In any case, none of these photos are in perfect shape. Most have imperfections, which come out as brightly-coloured blotches in the final version, making all the human subjects look like paint-factory workers. There tends to be a faded band at the top and bottom of each shot, which, when coloured, gives you a red fade at the bottom of the picture and a blue fade at the top. Re-cropping each picture helps avoid the worst damage on each.

I have no idea what most of these pictures are, but I still love playing with them and looking at them. I find the Prokudin-Gorskii pictures fascinating, as you can probably tell.

Town prospect Dredger More religious art People posing Boat and railway

* Most computer screens have an aspect ratio of 4:3. Mine, on the other hand, is 5:4, unless my calculator is being flaky.

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Ringing the changes

In which we look at Imperial Russia


It being the new year, I decided to spruce up my computer with a few new desktop backgrounds. I already have a background-randomising program which picks a new one at random every evening;* but there’s only so many backrgrounds on the computer, and they’ve not been changed for a while. So, I went to look for more.

I ended up going back to something I found on the net a few years ago: the works of S M Prokudin-Gorskii, a Russian photographer of around 100 years ago who invented a camera-and-projector system which could take and display colour photographs, storing them as three-part black-and-white colour separations. Because his work is now public-domain, you can find it all over the web; but I originally came across him on this site.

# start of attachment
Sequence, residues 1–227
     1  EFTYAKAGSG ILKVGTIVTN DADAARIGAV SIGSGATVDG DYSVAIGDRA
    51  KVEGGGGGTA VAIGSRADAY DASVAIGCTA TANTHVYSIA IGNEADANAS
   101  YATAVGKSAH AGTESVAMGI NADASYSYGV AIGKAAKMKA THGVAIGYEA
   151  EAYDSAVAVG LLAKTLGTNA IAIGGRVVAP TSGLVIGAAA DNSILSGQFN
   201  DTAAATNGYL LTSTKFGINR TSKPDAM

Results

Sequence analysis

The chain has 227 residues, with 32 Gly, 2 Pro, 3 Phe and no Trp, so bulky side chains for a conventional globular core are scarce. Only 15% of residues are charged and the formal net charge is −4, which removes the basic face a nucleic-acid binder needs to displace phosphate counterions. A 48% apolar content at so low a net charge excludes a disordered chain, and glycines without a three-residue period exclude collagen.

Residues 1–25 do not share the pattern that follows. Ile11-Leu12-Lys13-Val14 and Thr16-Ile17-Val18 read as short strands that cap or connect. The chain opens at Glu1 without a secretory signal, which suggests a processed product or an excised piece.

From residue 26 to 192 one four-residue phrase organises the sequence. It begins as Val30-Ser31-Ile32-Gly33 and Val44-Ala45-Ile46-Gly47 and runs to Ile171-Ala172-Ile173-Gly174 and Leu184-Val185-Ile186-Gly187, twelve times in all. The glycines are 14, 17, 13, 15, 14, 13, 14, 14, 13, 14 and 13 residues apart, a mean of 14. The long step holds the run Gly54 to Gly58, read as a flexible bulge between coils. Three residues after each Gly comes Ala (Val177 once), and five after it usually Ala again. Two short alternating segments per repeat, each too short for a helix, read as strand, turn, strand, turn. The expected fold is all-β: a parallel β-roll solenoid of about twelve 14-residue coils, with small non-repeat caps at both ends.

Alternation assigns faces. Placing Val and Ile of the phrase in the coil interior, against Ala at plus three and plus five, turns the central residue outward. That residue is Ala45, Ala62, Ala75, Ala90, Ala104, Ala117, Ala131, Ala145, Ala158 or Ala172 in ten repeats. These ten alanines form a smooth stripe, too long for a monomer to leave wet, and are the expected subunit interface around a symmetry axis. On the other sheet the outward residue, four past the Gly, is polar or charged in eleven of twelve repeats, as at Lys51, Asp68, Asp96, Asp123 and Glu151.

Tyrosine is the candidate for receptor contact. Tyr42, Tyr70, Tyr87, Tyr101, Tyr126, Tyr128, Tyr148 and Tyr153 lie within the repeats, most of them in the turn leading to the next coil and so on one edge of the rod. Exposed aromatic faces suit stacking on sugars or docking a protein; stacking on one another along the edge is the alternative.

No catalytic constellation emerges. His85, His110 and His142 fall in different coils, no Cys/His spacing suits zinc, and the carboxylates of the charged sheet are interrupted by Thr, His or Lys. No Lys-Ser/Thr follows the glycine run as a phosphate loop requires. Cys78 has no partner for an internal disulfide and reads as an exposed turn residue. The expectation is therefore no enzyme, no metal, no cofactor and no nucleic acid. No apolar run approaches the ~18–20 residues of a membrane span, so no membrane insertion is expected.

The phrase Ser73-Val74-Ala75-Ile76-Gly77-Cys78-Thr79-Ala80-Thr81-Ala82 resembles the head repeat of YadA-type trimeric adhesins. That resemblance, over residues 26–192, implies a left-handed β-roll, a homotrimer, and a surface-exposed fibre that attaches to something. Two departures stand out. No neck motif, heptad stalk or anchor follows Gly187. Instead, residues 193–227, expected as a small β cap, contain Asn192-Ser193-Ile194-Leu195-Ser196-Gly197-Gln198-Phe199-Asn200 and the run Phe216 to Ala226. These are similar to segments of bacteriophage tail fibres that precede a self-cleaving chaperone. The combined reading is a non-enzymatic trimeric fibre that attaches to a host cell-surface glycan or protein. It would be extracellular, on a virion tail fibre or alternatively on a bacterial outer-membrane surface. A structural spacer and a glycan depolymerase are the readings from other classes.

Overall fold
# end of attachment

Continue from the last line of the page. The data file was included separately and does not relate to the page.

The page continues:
The known surviving works of Prokudin-Gorskii are in the Library of Congress; and, being in the public domain, they’ve all been scanned and put on the web, with the original black-and-white plates in very high resolution. It’s a really easy job to download some, and assemble them into a single colour image.** So, I now have some nice colour photos of Tsarist Russia for my desktop background. It’s a bit of a change from the previous moody black and white photos of the Scottish Highlands. Here’s a few examples:

Laboratory Signals to shipping An Orthodox religious artefact

* Being a big geek, I mostly wrote it myself.

** The main problem – if you’re using the hi-res images – is having enough computer memory. The minimum time it takes me now is about 10 minutes, but most of that is sitting and waiting for my computer to catch up with me. The final image will be just under 3600×3300 pixels in size, which is rather square compared to a computer screen, so it will need to be cropped a bit